Dark Noise as a function of Bin Mode?

Using SharpCap for other Astro Imaging such as all sky cameras and meteor detection
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oopfan
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Dark Noise as a function of Bin Mode?

Post by oopfan »

Hi Robin,

A curious notion crossed my mind this morning: Does it make sense that Dark Noise should increase with Bin Mode?

Reasoning:

Dark Current is expressed as the number of electrons per pixel per second (e-/px/s).
Dark Noise is the square root of Dark Current.
If your camera has a Dark Current rating of 1e-/px/s then Dark Noise is 3e- after a 9s exposure. That is at Bin 1.
Now at Bin 2, each pixel is the sum of a four-pixel matrix, so Dark Current is 4e-/px/s and Dark Noise is 6e- after a 9s exposure. That is at Bin 2.

Does that make sense, or is it too early in the morning to be entertaining such thoughts?

Thanks,
Brian
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Re: Dark Noise as a function of Bin Mode?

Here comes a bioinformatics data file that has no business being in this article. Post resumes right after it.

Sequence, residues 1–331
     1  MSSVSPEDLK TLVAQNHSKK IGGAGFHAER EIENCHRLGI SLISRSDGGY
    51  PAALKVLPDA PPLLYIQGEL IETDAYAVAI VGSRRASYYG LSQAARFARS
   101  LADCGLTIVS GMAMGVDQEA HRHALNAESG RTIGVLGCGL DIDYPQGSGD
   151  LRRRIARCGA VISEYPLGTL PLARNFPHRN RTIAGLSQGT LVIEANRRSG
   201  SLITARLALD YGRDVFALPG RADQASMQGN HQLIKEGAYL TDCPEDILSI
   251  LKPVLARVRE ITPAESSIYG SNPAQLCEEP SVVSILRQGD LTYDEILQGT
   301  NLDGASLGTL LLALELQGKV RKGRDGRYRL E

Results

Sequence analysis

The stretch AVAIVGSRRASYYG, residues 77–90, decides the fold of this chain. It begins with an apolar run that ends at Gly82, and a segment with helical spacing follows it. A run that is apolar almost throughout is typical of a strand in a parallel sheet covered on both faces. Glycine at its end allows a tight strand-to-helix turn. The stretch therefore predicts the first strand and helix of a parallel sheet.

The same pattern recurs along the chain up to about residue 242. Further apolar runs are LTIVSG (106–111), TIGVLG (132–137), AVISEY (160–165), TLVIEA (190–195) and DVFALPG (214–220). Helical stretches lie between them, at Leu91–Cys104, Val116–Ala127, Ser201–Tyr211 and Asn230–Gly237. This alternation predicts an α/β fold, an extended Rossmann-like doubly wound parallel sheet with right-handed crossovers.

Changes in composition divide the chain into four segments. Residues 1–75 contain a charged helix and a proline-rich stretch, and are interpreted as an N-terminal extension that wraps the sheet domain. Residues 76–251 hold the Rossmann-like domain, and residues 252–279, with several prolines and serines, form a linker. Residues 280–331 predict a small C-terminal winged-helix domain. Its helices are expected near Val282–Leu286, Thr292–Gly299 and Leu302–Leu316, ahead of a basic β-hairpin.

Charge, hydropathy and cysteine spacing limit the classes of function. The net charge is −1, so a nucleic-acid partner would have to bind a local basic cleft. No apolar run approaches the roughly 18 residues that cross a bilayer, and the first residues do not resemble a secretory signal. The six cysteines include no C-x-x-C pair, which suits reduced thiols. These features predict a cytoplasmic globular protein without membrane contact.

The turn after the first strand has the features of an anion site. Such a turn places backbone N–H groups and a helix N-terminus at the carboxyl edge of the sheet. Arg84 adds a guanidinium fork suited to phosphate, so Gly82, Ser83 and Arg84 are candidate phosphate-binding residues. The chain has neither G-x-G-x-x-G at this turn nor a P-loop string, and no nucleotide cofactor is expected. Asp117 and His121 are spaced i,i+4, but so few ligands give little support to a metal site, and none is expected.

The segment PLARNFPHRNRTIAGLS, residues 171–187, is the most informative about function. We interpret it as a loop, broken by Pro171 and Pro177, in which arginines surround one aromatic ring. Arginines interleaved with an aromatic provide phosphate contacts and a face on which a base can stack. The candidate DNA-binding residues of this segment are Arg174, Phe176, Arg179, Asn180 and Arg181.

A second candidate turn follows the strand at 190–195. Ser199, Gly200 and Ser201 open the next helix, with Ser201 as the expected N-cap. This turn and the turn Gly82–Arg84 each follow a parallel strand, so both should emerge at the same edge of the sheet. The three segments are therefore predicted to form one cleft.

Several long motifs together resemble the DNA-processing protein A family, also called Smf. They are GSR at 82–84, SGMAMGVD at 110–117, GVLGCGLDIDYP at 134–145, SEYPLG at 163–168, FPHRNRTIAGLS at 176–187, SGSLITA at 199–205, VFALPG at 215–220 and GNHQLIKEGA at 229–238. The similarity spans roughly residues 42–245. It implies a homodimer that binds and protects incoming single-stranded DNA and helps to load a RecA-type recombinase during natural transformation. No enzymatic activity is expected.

Post by admin »

Hi Brian,

that all sounds correct, but remember that by applying the binning you've also collected four times as many signal electrons from your target, so there is no loss in S/N ratio.

Cheers, Robin
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Re: Dark Noise as a function of Bin Mode?

Post by oopfan »

Thanks, Robin, yes I agree that going from Bin 1 to Bin 2 yields:

4x the signal
1x the Read Noise
and now it appears: 2x the Dark Noise

Overall the SNR is higher but not as high as I originally thought.

Brian
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Re: Dark Noise as a function of Bin Mode?

Post by admin »

Hi,

don't forget that in areas with any signal – nebulousity or Galaxy or whatever – the shot noise of the signal comes into play. This is proportional to the square root of the signal, so if you multiply the signal by four then you double the shot noise.

Cheers, Robin
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Re: Dark Noise as a function of Bin Mode?

Post by oopfan »

Robin,

Got it! I should have said:

Going from Bin 1 to Bin 2 yields:
4x the Signal
2x the Shot Noise
1x the Read Noise
2x the Dark Noise

Still, overall you get a boost in SNR, but sadly you suffer the loss of image resolution.

Interestingly, I have seen people who mate a small pixel camera with a long focal length telescope, and then run the camera at bin 2, in normal operation! So for those of you who love your camera but want to upgrade to a longer focal length telescope, simply run your camera at bin 2.

Brian
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